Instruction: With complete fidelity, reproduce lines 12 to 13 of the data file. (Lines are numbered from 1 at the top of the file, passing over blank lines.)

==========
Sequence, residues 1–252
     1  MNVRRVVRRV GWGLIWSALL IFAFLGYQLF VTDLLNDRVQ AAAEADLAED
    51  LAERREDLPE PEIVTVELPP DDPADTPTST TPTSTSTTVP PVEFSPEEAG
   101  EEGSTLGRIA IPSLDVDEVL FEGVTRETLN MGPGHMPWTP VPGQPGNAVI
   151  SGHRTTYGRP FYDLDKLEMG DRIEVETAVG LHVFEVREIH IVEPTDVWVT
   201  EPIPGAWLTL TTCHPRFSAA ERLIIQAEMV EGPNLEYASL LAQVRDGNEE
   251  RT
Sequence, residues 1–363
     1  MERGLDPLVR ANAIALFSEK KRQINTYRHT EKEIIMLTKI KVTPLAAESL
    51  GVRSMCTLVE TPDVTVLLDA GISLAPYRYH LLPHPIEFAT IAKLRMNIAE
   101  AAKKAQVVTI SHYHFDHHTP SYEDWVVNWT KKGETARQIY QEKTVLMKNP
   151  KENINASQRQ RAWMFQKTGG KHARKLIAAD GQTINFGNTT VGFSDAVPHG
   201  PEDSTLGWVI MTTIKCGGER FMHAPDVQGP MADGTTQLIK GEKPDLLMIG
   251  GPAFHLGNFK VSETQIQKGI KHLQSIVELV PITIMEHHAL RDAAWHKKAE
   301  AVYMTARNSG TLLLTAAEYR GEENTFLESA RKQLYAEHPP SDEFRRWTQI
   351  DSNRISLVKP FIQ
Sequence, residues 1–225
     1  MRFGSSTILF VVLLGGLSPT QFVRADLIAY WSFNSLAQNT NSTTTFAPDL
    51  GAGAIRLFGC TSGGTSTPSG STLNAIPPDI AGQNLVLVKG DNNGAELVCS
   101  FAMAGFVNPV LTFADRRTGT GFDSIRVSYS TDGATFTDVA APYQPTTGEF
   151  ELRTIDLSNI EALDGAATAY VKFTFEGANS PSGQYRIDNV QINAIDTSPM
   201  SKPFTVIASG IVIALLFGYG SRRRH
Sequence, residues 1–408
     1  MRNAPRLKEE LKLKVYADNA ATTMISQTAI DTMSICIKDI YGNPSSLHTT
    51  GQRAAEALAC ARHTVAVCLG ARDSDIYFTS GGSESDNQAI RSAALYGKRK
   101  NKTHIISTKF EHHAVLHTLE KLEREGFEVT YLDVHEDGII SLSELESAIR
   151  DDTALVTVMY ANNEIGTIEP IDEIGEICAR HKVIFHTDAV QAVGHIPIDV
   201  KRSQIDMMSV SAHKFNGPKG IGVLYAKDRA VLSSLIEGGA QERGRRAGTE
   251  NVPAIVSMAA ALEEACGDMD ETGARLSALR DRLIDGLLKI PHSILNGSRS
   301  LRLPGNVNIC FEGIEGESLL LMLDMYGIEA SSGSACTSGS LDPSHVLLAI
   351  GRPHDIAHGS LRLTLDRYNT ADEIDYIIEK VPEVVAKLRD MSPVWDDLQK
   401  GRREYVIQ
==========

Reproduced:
   151  KENINASQRQ RAWMFQKTGG KHARKLIAAD GQTINFGNTT VGFSDAVPHG
   201  PEDSTLGWVI MTTIKCGGER FMHAPDVQGP MADGTTQLIK GEKPDLLMIG